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130XE Repair: Bad RAM, motherboard variations


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#1 Timothy Kline OFFLINE  

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Posted Sat Jun 25, 2016 5:40 AM

I'm in the process of trying to decide what to do with a 130XE I bought pretty cheap-- sold cheap because the seller, upfront, explained that it has bad RAM. Specifically, every other block is red during the self-test. Both the OS and ANTIC chips get pretty warm, as well.

 

However, I decided to compare the innards with my other two working 130XE systems, and I discovered that only one of the working systems has a mainboard similar to the befuddling 130XE on my bench.

 

If you look at the attached pics, the broken 130XE is the same mainboard as the one I labeled "Type 2," including the two wires you'll see.

 

However, the other 130XE, which is seen in "Type 1" not only is missing the wires, but ALSO has a jumbled mess up by the SIO port. Yet it works just fine.

 

I was just wondering what anyone else makes of all this...?

 

Submitted for your perusal,

Tim

Attached Thumbnails

  • 130XE Mainboard - Type 2 1280px.jpg
  • 130XE Mainboard - Type 1 1280px.jpg


#2 orpheuswaking OFFLINE  

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Posted Sat Jun 25, 2016 7:15 AM

The jumbled mess in the second picture is the same capacitors next to the SIO in the first picture - if you compare you will see that there are ten caps all neatly laid out, 6 to the left and four underneath. Bottom line you can remove them all in both machines and get a better more stable SIO.

The wires you see are in a lot of 130xe machines, usually added in the factory as issues arose.

#3 Rybags OFFLINE  

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Posted Sat Jun 25, 2016 7:28 AM

The official "Rev" is on the PCB just to the left of the keyboard connector.  Can't quite make out the first one, is it "B" ?

 

Unsure how many 130XE revisions there were.  At least 3 considering they started using the 4 x 4 bit Ram chips probably around 1986.



#4 Timothy Kline OFFLINE  

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Posted Sat Jun 25, 2016 9:22 AM

The official "Rev" is on the PCB just to the left of the keyboard connector.  Can't quite make out the first one, is it "B" ?

 

Unsure how many 130XE revisions there were.  At least 3 considering they started using the 4 x 4 bit Ram chips probably around 1986.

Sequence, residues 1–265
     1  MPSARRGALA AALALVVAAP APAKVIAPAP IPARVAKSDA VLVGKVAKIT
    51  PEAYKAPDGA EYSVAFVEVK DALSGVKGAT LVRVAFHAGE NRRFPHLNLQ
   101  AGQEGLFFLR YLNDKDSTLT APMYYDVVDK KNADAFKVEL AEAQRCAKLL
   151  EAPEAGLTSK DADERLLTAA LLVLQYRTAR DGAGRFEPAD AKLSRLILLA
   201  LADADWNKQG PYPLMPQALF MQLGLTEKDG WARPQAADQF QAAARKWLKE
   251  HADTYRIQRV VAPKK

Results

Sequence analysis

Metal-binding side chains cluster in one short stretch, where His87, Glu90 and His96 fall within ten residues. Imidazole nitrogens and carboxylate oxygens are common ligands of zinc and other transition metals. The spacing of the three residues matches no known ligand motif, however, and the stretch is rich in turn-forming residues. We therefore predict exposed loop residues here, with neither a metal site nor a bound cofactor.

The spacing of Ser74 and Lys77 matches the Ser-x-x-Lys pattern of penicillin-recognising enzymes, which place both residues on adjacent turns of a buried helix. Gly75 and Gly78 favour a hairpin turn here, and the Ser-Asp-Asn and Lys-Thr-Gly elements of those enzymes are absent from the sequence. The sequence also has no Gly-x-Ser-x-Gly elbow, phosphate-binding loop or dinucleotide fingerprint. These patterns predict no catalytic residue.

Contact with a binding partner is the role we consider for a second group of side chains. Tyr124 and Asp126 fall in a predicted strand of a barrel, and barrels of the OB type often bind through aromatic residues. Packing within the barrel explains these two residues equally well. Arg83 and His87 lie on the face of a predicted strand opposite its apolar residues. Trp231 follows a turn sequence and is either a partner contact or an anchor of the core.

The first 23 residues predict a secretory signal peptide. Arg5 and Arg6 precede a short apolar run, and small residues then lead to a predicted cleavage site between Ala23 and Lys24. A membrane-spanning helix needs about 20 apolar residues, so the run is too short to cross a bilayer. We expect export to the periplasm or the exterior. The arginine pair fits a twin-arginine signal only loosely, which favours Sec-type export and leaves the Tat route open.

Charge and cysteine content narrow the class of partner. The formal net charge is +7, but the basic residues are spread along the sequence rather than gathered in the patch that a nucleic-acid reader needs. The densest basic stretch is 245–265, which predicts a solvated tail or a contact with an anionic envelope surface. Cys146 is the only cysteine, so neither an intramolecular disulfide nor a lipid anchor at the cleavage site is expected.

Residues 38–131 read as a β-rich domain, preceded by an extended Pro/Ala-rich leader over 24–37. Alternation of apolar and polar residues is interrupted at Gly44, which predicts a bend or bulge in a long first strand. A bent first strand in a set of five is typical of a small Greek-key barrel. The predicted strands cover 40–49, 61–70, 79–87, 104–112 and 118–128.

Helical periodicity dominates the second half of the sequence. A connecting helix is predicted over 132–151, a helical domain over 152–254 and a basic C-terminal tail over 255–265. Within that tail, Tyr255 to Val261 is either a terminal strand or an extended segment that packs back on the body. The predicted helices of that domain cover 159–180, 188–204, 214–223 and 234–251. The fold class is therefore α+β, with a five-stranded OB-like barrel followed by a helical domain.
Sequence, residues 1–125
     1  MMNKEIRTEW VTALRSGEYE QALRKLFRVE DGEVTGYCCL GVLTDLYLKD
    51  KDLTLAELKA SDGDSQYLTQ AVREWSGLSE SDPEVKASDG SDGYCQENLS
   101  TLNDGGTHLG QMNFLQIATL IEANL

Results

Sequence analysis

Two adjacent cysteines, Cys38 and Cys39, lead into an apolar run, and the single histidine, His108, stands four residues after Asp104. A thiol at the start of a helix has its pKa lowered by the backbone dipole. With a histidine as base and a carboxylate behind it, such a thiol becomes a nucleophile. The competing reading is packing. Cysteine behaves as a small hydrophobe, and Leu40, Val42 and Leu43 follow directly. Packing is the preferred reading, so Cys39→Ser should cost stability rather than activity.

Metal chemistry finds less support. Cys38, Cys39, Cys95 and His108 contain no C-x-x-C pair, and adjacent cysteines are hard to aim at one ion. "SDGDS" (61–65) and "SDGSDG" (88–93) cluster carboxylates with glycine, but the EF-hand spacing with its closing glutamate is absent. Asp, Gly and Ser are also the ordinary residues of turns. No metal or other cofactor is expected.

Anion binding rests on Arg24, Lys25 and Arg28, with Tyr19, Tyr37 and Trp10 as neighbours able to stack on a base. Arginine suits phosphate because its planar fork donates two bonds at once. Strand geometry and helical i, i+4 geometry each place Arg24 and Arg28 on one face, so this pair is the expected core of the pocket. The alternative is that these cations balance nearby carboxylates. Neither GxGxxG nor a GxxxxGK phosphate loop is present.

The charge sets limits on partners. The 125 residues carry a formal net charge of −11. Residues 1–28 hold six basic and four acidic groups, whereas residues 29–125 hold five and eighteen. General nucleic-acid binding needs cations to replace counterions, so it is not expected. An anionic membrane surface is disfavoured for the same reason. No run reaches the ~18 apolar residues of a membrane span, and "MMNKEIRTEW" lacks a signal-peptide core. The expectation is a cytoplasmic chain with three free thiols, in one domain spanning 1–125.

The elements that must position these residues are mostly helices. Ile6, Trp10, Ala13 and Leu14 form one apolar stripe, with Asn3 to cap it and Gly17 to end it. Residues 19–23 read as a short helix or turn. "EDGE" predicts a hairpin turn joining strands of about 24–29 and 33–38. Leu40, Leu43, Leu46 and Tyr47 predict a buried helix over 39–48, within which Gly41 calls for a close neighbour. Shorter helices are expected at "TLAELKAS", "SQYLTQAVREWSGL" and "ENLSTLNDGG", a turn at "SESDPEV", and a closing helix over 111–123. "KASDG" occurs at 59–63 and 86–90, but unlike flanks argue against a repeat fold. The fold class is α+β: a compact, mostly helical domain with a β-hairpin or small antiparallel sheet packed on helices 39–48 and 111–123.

The one without the wires is Rev "4" which, one would think, comes after "B" yet has the jumbled mess around the SIO AND the missing wires. Also, on the Rev "4" boards, the CO14805 (GTIA) is socketed but on the Rev "B" boards the CO21697 (ANTIC) and CO14806 (CPU) are the ones that are socketed.

 

The Rev "4" board has a white label on the bottom; the Rev "B" has the usual darkish gray sticker.

 

--Tim



#5 Timothy Kline OFFLINE  

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Posted Sat Jun 25, 2016 9:23 AM

The jumbled mess in the second picture is the same capacitors next to the SIO in the first picture - if you compare you will see that there are ten caps all neatly laid out, 6 to the left and four underneath. Bottom line you can remove them all in both machines and get a better more stable SIO.

The wires you see are in a lot of 130xe machines, usually added in the factory as issues arose.

 

Really? It's fine to remove them? What were they intended to accomplish? Do you know?

 

--Tim



#6 Rybags OFFLINE  

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Posted Sat Jun 25, 2016 9:29 AM

Missing wires would be logical in a later revision since the function would be just merged into the PCB design.  The caps near SIO, supposedly the intention is reduction of interference but they cause problems at turbo speeds that modern devices are capable of as they tend to flatten out the overall waveform which just leads to IO errors.


Edited by Rybags, Sat Jun 25, 2016 9:30 AM.